Matching family tree profiles for Moses Doan
About Moses Doan
The Doan Outlaws were a notorious gang of brothers from a Quaker family most renowned for being British spies during the American Revolution.
The Doans were Loyalists from a Quaker family of good standing. The "Doan boys" reached manhood at the time of the American Revolutionary War. Growing up in Plumstead, Pennsylvania, the Doans excelled athletically. The Doan gang's principal occupation was robbing Whig tax collectors and horse theft. The gang stole over 200 horses from their neighbors in Bucks County that they sold to the Red Coats in Philadelphia and Baltimore. The Friends Meeting House's cemetery in Plumsteadville is protected by a field stone wall that runs around its perimeter. Levi and Abraham Doan were buried just outside this wall, because the two were not thought to merit burial in the sanctified ground of the cemetery, and their headstones were inscribed with the word "Outlaw".
Bucks County, Pennsylvania, an area sympathetic to the Doan Outlaws with a large loyalist population, grew out of William Penn's "holy experiment", and was guided more by Quaker "inner light" than by the traditional "rights of Englishmen". As a result of Penn's effort to create a "nation of nations," almost half of colonial Pennsylvania was non-English. In nearby Philadelphia, the elite Proper Philadelphians were rich, charming, tolerant, but had relinquished the role of governing the city. Philadelphia, by common agreement, was the largest, most cosmopolitan but also the most poorly governed city in the Colonies. Bucks County, when compared to Massachusetts in support for a war with England, was still "The Peaceable Kingdom". No doubt Pennsylvanians were outraged by the actions of the Crown, but they were more likely to express their discontent through resolutions than violent protests. Many Pennsylvanians remained skeptical about cutting ties with England right up to the signing of the Declaration of Independence. To illustrate this, the fighting in "Penn's Woods" started seven years after the Boston Massacre. As for the non-English Pennsylvanian, King George III, even at his worst, was better than what they had known in their homeland. Fat Pennsylvania's legendary prosperity helped ease discord. Bucks County could boast rich farmland, a canal to the sheltered port of Philadelphia, large supplies of fresh water, timber, iron, fire clay, game, and their famous fieldstone for building. The common New Englander by contrast had to choose between hard-scrabble farming or dangerous fishing off rock-ribbed coasts.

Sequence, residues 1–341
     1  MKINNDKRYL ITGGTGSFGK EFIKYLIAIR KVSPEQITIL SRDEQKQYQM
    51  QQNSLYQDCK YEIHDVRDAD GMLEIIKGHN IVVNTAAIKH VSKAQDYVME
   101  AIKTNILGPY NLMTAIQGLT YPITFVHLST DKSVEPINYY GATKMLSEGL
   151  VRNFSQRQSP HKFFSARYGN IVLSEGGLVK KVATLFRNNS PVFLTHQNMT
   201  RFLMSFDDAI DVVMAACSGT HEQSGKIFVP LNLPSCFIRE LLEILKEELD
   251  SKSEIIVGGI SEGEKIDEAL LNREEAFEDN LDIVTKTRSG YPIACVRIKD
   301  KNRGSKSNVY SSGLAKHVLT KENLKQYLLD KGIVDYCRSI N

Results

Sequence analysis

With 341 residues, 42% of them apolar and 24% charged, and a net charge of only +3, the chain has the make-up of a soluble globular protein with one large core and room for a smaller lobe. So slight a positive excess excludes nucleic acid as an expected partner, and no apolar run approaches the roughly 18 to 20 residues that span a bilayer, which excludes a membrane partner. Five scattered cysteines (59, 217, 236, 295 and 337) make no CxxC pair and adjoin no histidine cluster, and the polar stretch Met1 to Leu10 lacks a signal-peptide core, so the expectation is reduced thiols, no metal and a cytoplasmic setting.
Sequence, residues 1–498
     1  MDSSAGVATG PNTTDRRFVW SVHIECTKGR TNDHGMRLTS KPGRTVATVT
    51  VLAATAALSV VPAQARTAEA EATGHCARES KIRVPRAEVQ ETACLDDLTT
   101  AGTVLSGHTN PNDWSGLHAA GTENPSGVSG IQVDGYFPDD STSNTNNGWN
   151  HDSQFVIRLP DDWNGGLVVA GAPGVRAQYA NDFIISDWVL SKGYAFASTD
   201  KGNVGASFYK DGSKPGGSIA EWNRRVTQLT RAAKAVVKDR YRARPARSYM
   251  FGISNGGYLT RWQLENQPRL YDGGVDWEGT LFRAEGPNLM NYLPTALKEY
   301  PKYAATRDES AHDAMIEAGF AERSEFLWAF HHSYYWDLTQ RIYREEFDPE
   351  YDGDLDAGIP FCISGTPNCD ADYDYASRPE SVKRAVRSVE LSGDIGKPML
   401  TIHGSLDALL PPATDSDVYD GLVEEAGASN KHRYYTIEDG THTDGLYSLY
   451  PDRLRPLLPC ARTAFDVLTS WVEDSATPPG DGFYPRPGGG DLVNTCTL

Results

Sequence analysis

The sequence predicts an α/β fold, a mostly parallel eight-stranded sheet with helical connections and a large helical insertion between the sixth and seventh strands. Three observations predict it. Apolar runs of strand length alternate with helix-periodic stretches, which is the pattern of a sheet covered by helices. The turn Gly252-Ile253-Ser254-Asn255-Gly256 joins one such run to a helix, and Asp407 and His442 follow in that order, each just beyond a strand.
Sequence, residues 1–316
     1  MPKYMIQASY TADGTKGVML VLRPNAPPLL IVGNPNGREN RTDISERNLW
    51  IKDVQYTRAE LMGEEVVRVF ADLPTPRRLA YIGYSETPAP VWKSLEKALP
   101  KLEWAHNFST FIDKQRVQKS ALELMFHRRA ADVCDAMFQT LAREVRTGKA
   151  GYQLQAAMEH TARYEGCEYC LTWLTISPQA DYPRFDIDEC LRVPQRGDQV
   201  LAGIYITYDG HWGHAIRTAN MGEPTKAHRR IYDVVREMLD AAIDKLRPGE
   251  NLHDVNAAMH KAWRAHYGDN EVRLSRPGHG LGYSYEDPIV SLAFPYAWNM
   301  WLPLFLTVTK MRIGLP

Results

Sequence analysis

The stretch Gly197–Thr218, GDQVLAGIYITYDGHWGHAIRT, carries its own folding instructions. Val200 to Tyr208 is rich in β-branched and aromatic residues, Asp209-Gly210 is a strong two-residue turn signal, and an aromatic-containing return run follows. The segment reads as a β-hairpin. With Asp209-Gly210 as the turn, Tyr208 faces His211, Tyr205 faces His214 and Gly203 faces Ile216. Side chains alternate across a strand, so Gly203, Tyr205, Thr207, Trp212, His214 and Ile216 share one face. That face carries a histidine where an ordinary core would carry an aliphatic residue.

In the fall of 1770, Moses Doan left his home in anger after an argument with his father Joseph Sr. A few days later he saved the family of the young girl he loved from an Indian attack, but his subsequent declaration of love for her was rebuffed. Around this time he joined a small band of local Indians of the Wolf tribe. It is believed that he stayed with them for several months, hunting and engaging in feats of strength with them which he always won.
In 1774 Moses enlisted his brothers, Aaron, Levi, Mahlon, Joseph and his cousin Abraham to his gang. A handwritten note by Etta Holloway, great-granddaughter of Joseph Doan, tells the story of the outlaws this way:
"They were all of the Quaker faith and did not believe in war. The new government levied a tax upon Joseph, Sr., the father of the Tory Doan boys, confiscated his farm, threw his wife, 3 daughters and youngest son off of the land, jailed Joseph Sr. for non payment of taxes and branded him on his hand as a criminal. This was the given reason for the start of the notorious group known as the Tory Doans"
In July 1776 Moses and Levi met with General William Howe and offered themselves as spies. Moses earns the nickname "Eagle Spy".
In July 1776, most able-bodied men marched off to war, leaving the area unprotected. On August 27, 1776, Moses Doan informed General Howe of the unprotected Jamaica Pass and helped Howe defeat Washington at the Battle of Long Island.
On December 25, 1776, Moses may have delivered this note to Colonel Rahl's headquarters: "Washington is coming on you down the river, he will be here afore long. Doan". Colonel Rahl never read this note, and Washington kept the element of surprise. He was able to cross the Delaware River with the Continental Army and handily win the pivotal Battle of Trenton.
On June 7, 1780, Abraham Doan killed a woman in her home with her nine fearful children huddled around her.
On October 22, 1781, the Doan gang robbed the Bucks County Treasury in Newtown of 1,307 pounds sterling. Three days later Cornwallis surrendered at Yorktown. The monies were never recovered.
On September 1, 1783, in confusion Moses Doan was shot and killed moments after he submitted to the authorities. Moses Doan's gravestone was moved by a farmer and currently lies in a hedgerow in Plumstead Township, badly weathered by the elements.
In 1783 Mahlon escaped from a Bedford, Pennsylvania jail and made his way to safety in New York City.
In 1784 Joseph Jr. escaped from a Newtown jail under sentence of death for murder. Joseph Jr. changed his name and posed as a New Jersey schoolteacher for nearly a year before his real identity was discovered. Joseph Jr. then fled to Canada.
In 178? Aaron, sentenced to hang for robbery, also escaped and fled to Canada.
On September 24, 1788, Levi Doan and his cousin Abraham confessed to aiding the British and were hanged in Philadelphia.
The Doan myth
Moses riding his horse off the cliffs of Fleesedale Road (today Fleecydale Rd. in Solebury Township, Pennsylvania).
Never sneak up on a Doan dead or alive.
Two million dollars in buried treasure.
The Doans were polarizing figures. Loyalists wrote of the Doan gang as if they were Robin Hood. Patriots referred to them as demons. No doubt their success as spies, horsemen, runners, jumpers, their bravery, and their numerous criminal exploits hardened both views.